Illinois Route 336
|Thomas A. Oakley Highway|
|Maintained by IDOT|
|Length:||80 mi (130 km)|
|South end:||I-172 / US 24 / IL 110 in Quincy|
|US 136 / IL 94 / IL 110 in Carthage|
|North end:||US 136 / IL 110 in Macomb|
|Counties:||Adams, Hancock, McDonough|
Illinois Route 336 (also known as the Thomas A. Oakley Highway, after the executive of Quincy Newspapers) is a four-lane freeway/expressway combination that serves western Illinois. It is also used by Illinois DOT in FAP 315 to refer to a future project connecting the cities of Quincy and Peoria via underserved Macomb.
As of spring 2014, the highway extends north from its starting point in Fowler (near Quincy) where U.S. Highway 24 and Interstate 172 intersect, to US 136 just west of Macomb. Illinois 336 is 80 miles (128.75 km) long.
For its entire length, Illinois Route 336 is a four-lane divided expressway without property access, but has many at-grade intersections with sideroads. The only interchanges currently built on Illinois Route 336 are with US 136/Route 94/Hancock County Road 1500 in Carthage and Illinois Route 61 at Mendon.
Illinois 336 overlaps Illinois Route 61 from south of Mendon to south of Loraine. These two roads serve the Adams County Fairgrounds. Further north, Illinois 336 overlaps Illinois Route 94 about 7 miles (11 km) past Loraine, and continues until Illinois 336 intersects with U.S. Route 136 in Carthage. (Illinois 94 continues north to near the Quad Cities.)
Illinois Route 336 bypasses Carthage to the south and east, with a full interchange (U.S. Route 136) east of Carthage. The highway turns east and overlaps U.S. Route 136 east of Carthage toward Macomb. Highway bridges over two branches of the LaMoine River as well as an overpass for the BNSF Railway and Illinois Route 61 carry the highway east with new alignments south of both Tennessee and Colchester.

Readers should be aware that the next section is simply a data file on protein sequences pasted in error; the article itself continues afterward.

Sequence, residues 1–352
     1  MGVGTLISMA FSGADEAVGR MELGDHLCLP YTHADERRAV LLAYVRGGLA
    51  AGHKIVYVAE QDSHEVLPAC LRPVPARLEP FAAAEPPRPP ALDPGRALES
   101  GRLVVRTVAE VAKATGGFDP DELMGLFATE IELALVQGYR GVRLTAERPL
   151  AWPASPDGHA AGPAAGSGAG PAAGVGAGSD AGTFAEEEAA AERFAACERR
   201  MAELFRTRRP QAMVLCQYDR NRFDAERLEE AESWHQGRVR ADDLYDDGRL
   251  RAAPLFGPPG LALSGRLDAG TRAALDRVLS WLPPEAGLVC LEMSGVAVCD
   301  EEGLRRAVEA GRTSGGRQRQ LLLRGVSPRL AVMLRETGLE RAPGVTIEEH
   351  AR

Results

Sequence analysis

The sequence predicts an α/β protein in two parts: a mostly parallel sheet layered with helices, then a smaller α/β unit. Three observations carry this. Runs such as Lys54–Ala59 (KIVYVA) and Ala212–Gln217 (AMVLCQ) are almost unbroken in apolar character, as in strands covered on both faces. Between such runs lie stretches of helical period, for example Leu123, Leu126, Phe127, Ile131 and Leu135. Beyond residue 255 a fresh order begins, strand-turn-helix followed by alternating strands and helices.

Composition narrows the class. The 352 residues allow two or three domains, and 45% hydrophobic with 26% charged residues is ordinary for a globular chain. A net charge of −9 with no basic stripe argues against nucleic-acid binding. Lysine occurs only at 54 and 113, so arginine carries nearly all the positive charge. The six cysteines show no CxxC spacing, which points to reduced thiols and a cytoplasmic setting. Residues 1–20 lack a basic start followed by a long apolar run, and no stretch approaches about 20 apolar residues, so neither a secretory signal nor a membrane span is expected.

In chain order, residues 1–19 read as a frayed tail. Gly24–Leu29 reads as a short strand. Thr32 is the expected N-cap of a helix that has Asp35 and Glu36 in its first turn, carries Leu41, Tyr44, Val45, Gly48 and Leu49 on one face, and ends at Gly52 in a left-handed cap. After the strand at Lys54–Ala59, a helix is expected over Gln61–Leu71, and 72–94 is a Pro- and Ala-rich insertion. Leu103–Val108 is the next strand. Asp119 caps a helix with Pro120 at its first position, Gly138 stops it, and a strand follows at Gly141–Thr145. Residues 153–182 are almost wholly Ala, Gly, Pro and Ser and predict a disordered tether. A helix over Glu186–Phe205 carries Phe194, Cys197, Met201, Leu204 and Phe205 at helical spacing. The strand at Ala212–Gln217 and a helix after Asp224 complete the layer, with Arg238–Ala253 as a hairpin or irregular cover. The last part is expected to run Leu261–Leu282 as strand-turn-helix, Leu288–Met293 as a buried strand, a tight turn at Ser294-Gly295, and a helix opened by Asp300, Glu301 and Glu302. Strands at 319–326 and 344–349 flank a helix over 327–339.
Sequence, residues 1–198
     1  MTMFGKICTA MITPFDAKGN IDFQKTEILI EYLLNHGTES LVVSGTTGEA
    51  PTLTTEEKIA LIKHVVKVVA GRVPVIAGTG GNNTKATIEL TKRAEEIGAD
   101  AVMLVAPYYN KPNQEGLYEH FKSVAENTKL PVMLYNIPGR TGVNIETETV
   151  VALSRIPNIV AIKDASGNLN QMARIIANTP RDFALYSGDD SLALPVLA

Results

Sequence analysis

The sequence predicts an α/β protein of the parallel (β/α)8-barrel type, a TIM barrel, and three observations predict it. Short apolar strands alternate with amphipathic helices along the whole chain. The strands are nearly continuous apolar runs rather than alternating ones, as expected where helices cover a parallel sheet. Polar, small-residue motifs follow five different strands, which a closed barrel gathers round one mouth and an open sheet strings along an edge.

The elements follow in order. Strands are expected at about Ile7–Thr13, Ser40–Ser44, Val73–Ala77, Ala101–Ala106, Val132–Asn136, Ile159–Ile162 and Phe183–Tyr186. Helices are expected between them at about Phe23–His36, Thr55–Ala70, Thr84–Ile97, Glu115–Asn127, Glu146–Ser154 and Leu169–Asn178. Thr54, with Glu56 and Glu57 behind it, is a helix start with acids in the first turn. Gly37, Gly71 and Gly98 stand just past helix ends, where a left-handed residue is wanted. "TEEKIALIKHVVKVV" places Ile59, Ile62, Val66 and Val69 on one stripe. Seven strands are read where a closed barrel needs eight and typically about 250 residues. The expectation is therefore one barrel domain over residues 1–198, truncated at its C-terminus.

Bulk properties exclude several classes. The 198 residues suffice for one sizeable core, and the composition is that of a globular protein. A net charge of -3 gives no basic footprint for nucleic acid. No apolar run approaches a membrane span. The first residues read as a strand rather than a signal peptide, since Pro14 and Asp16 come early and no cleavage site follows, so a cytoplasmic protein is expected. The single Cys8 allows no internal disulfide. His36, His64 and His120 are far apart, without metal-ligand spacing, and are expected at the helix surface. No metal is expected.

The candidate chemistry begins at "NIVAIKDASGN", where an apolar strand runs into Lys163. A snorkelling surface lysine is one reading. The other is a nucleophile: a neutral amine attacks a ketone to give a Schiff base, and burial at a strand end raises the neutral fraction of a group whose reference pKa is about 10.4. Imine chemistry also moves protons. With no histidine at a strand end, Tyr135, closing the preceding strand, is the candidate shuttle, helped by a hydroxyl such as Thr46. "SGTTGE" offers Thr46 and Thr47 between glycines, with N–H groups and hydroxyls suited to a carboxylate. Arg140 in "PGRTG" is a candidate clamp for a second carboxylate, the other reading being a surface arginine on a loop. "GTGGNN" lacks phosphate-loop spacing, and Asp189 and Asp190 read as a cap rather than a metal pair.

Illinois 61 has an at-grade T-intersection with the highway at the same location as the alignment of U.S. Route 136. The two highways are concurrent to the point west of BNSF Railway overpass, where U.S. Route 136 splits off to its former alignment through Tennessee and Colchester. Illinois 336 continues east and turns north to Macomb. There is an underpass under BNSF Railway and then two ramps which end in T-intersections with U.S. Route 136, which has been improved to four lanes within Macomb.
The route ends west of Macomb, awaiting state and federal funding for an eventual bypass northwest of Macomb [WIU side of city]. At this point, Illinois 336 ends temporarily until further construction is completed.
North of Macomb along U.S. Highway 67, there will be a full interchange that will connect with the northern portion of the recently completed 336 west of Macomb. This segment was scheduled to be completed in 2008 or 2009, but delayed due to Illinois and federal funding issues. Road grading and bridge work started in summer of 2013. The projection is still $20 million under funded. Completion of the Macomb bypass is not expected until 2016.
The Peoria-to-Macomb corridor being studied (DOT Job No. P94-025-00 URS Job No. 25364560; July 7, 2003) closely parallels U.S. 136 to Marietta, and then Illinois Route 95 to Cuba, along Hickory Road to Canton, north on Illinois Route 78 to Farmington, then turning east along Illinois Route 116 to the Peoria area. The existing interchange (Exit 3 on Interstate 474) at West Farmington Road would serve as the logical eastern terminus. There are four proposed routes within the corridor between these two points that are being considered. This corridor is not currently funded.